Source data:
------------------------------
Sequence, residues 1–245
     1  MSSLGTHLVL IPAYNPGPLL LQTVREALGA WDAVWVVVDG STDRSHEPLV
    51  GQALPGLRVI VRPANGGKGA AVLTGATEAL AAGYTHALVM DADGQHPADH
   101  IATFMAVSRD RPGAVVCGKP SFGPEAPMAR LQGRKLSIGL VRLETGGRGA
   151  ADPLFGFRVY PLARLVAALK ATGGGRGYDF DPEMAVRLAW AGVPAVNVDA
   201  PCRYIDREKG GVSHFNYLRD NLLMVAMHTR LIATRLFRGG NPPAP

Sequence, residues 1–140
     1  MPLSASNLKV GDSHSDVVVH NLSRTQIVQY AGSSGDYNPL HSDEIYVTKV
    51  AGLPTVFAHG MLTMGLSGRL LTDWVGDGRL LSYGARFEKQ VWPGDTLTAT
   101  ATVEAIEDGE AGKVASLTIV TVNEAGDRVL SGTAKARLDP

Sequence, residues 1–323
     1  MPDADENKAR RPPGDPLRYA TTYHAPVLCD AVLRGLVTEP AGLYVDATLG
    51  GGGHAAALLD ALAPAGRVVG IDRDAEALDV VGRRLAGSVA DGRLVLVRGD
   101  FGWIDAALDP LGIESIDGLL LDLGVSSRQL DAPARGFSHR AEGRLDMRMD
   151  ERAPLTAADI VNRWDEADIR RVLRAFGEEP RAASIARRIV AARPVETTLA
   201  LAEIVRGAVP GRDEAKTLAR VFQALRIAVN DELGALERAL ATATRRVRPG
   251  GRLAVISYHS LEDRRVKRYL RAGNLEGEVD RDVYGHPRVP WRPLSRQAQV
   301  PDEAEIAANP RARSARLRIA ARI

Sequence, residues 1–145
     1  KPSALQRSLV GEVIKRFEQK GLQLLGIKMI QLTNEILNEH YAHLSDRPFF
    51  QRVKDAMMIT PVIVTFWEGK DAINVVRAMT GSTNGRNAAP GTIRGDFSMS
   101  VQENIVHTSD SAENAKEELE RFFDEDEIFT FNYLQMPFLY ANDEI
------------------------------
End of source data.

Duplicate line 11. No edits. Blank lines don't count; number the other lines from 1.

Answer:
Sequence, residues 1–323